So it’s official, Border’s wants to bankrupt me. I wandered into another Border’s store, and they had all the Harry Potter scores marked with the magical red sticker. At 40% off, I couldn’t help but pick up the five CDs, especially with movie 6 coming out this summer.
So far I’ve only gotten through the John Williams scores for films 1-3, so that is what I shall discuss right now. Originally, I had a much different post planned for this weekend, but I need to do some more viewing/research before I write it. C’est la vie.
John Williams is a composer who, as an academic, I have some problems with. Mainly because, even though I wholly believe in the worth of popular culture, John Williams is so damn popular. If anything, Williams is part of the reason I love music and film music so much. I loved the Star Wars scores, I even used to imagine conducting the ‘Imperial March’ when I was in Sixth Grade. I could hear the music so clearly in my head that I wouldn’t even need to listen to the CD while doing it!
But as a scholar, I feel the need to find more obscure things, more profound revelations, etc. The curse of the Ivory Tower.
But screw it, I love Star Wars and Superman and Jurassic Park and Raiders of the Lost Ark and I won’t frakkin’ apologize for it!
Anyway, on to Harry Potter. As many know, Williams only fully scored films 1 and 3, and even though he substantially scored 2, parts of it were left to William Ross to adapt and orchestra for the film due to time concerns, and it really does show in many way, but I’ll get to that in a bit.
First I want to contrast briefly Sorcerer’s Stone and Prisoner of Azkaban, because they really aurally depict that vast differences in the directorial styles of the film (Chris Columbus vs. Alfonso Cuaron). Film 1 is pure children’s John Williams, same type of music you might have heard from his Home Alone score (also directed by Columbus). It has some “creepy/scary” elements to it, but on the whole it is a children’s adventure score. The creepiest part, I feel, is ‘Hedwig’s Theme,’ but that is due to the celesta, which just sounds creepy to me. (Which is caused by the end of Shostakovich’s Fifth Symphony, first movement…he uses the celesta in such a way…creepiest moment ever!) But that is what the film is, a children’s adventure movie, and that is how Columbus directs it and its follow up.
But When Cuaron comes on board for Prisoner, he changes the visual style to one that is more realistic. The kids dress how kids might when they are forced into uniforms, the film itself has more grit to it, and on the whole, the film looks darker and busier. Williams, showing just how versatile he can be when he wants to, changes up his own style to match. Most noticeably he introduces medieval/renaissance musical timbres into the ensemble. In some ways, it feels like they should of been there the entire time, it fits the magical tone of the seriesso well. The wood flutes, period reeds and brass instruments, fit in seamlessly (for a good example, go to track 11 on your CDs, “Hagrid the Proffesor”). And of course, this cue is based on the song that introduced us to this new musical sound, Williams’ setting of the classic Shakespeare quote “Double, double, toil and trouble, fire burn and cauldron bubble,” plus other lyrics that all come from MacBeth. This one song, performed in the movie by Hogwarts students, signals a shift in musical timbre, plus solidifying the darker turn of this and the subsequent films (the ominous lyrics “Something wicked this way comes,” which comes from Act IV of MacBeth).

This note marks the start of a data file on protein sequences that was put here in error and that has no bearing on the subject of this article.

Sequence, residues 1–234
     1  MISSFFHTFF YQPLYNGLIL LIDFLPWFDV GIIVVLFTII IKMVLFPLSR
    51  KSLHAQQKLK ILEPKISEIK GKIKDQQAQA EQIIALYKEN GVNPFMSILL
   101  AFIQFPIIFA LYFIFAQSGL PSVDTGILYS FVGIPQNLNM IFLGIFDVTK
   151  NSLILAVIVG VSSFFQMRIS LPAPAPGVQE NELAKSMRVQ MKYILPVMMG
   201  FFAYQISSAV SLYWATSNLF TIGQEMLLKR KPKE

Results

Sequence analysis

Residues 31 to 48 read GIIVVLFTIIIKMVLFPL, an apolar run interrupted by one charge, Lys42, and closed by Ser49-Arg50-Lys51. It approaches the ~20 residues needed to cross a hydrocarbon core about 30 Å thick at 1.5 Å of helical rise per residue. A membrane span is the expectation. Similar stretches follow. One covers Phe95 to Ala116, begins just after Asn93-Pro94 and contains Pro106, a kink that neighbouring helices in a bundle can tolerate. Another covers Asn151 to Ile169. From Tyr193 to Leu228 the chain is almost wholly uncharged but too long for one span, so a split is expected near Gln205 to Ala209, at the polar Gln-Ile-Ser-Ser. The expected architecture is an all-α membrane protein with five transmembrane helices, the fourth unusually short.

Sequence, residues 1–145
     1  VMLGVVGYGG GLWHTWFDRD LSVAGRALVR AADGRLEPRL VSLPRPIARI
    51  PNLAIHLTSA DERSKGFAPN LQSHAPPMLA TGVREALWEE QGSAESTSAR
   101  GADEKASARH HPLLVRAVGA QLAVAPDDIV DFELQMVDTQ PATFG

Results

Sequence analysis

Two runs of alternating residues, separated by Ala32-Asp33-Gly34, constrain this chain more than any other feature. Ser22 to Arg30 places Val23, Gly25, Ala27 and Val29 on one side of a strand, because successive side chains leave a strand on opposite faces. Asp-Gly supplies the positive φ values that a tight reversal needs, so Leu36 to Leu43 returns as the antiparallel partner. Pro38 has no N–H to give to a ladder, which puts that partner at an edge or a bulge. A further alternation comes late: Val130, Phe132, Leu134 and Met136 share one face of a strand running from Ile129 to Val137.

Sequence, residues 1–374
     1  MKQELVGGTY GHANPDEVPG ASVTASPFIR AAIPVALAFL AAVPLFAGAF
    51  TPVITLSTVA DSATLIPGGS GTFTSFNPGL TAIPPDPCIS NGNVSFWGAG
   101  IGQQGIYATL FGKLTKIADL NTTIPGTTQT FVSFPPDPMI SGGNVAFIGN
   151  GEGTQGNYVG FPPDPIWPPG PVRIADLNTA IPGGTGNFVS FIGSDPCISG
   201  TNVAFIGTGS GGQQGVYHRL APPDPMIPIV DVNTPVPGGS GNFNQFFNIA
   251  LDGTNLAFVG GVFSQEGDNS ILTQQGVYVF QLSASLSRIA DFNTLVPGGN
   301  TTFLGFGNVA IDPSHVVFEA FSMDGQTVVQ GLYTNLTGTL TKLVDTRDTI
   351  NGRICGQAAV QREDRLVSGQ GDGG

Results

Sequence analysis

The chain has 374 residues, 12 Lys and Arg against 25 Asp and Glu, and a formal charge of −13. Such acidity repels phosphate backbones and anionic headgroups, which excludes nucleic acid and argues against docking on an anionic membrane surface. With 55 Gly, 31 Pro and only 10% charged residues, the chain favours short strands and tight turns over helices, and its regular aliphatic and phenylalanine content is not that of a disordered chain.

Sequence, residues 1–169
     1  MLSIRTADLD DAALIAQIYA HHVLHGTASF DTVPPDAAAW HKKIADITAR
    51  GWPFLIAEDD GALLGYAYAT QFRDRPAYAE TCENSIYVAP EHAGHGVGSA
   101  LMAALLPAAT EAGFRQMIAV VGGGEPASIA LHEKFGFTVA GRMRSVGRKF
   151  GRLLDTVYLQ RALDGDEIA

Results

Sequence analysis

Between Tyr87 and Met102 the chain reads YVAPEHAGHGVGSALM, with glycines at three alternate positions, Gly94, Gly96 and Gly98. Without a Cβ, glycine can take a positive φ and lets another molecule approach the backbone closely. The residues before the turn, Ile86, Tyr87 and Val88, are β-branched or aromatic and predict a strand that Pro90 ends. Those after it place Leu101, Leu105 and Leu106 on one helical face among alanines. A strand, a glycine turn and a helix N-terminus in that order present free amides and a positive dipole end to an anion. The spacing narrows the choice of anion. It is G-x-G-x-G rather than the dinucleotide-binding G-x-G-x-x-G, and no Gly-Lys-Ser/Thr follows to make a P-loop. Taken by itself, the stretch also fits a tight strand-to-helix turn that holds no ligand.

In many ways, this score as a whole might be one of Williams best of recent years.
This is in complete contrast to Chamber of Secrets, which reflects, in a bad way, just how rushed Mr. Williams was when writing it. I won’t harp too much on the Chamber score except to point out what might just be one of the saddest moments of musical borrowing from yourself that I’ve come across.
One of the “new” themes for the film was for Gilderoy Lockhart, the unfortunate new teacher for the students. Lockhart is a fraud, a phony, and a vain man. He is a caricature for so many celebrities that the fact that Williams, or Ross, I’m not sure who, blatantly stole from an earlier score is either cheap or a brilliant piece of meta-criticism. Listening to the score, I immediately recognized the tune as something from an earlier score…I could see Nazis running around, so I was pretty sure it was from an Indiana Jones films…just listen…in this scene, it starts when Snape ascends the stairs…
I was fairly sure that it was from a Jones movie, but it took Wikipedia to point me in the direction of the correct scene…the classic “No Ticket!”
Different keys, but the resemblance is uncanny.
It’s unfortunate that such a great performance by Kenneth Branagh is undercut by this recycling of music. But as I asked earlie, is it cheap re-using or meta-criticism? I’ll let you decide.
In the end, though, it’s strange that of the three scores, Chamber “sounds” the most like a John Williams score. Perhaps because it borrows so freely from other material he had done in the 15 or so years prior. Look at the Wikipedia page for the score for even more examples.
I don’t have much else to say. I’ll post a bit more on the next two scores when I’ve had a chance to listen to them.